12. Entrepreneurs consume nothing but save and invest their entire income for capital formation. If they have no profits, there is no accumulation and if they do not accumulate, they have no profits.

Open Model

In an open economy, the conditions for the steady growth and conditions for rising rate of capital accumulation will be discussed. According to Mrs. Joan Robinson, national income is the sum of the total wage bill and total profit. Total wage bill is the real wage multiplied by the number of workers and total profits are equal to profit rate multiplied by the amount of capital. This relationship can be expressed as under:

PY = WN + πPK
Where P = Average Price level.
Y = Net national income.
W=Net money wage rate.
N=Amount of labor employed.
K=Amount of capital invested.
π =Rate of profit.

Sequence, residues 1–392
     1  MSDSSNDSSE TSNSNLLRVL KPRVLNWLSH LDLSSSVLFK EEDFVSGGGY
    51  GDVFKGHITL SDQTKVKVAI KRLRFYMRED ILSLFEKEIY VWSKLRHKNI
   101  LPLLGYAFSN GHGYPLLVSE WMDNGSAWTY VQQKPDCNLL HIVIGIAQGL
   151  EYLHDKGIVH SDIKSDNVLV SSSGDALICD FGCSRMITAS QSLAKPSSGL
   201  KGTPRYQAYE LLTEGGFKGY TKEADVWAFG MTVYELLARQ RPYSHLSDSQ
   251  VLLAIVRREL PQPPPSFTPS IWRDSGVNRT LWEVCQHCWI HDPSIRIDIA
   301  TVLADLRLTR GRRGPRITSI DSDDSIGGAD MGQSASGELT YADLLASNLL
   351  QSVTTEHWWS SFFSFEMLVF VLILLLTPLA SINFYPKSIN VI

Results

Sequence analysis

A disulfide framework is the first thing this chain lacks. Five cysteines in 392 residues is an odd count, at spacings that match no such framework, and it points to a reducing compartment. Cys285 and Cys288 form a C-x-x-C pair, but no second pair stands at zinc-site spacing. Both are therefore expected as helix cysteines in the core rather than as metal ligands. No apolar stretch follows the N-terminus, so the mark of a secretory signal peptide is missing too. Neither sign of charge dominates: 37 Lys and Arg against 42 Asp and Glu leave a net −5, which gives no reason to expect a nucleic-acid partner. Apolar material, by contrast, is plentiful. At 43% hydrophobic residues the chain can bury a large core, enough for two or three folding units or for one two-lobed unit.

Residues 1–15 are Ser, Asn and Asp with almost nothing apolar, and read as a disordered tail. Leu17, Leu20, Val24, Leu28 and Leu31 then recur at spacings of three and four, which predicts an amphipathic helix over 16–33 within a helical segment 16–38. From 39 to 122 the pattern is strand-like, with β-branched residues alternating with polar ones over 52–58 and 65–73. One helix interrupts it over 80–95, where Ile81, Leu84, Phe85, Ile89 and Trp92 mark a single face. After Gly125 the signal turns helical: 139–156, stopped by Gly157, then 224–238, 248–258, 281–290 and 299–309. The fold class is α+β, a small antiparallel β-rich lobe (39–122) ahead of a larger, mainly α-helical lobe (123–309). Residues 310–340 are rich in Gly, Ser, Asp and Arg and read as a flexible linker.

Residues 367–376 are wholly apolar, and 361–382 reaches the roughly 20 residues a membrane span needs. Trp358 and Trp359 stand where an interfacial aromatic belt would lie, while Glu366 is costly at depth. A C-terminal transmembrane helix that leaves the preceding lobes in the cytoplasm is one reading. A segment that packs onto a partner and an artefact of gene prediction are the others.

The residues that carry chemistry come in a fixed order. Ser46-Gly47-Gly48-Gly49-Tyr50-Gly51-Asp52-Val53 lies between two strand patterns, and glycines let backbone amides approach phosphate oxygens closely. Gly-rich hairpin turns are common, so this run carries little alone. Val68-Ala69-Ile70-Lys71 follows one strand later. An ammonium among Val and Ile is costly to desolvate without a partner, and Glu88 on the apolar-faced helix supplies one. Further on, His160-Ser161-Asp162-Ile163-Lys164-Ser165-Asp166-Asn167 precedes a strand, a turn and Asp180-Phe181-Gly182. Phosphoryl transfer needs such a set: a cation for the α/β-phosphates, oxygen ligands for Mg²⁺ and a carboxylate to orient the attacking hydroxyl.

Joan Robinson's Model of Growth (With Diagram)
To convert the expression into real terms, divide both sides of equation by p (average price level), we get
Where ρ Y/N i. e Labor/ Productivity,
W/P real wage rate
θ = K/N i.e., Capital Labour Ratio
The above equation indicates that the profit rate is a function of labour productivity (p) and real wage rate (W/P) and capital labour ratio (8). In other words, the profit rate is shown as capable of varying directly with the rate of net return to capital and inversely with the coefficient of capital intensity. The necessary condition for maximization is that the first derivative must be zero.
Keynesian income expenditure analysis shows that the net national real income (Y) is the sum of real consumption expenditure (C) and real net investment which can be expressed as;
Y = C + I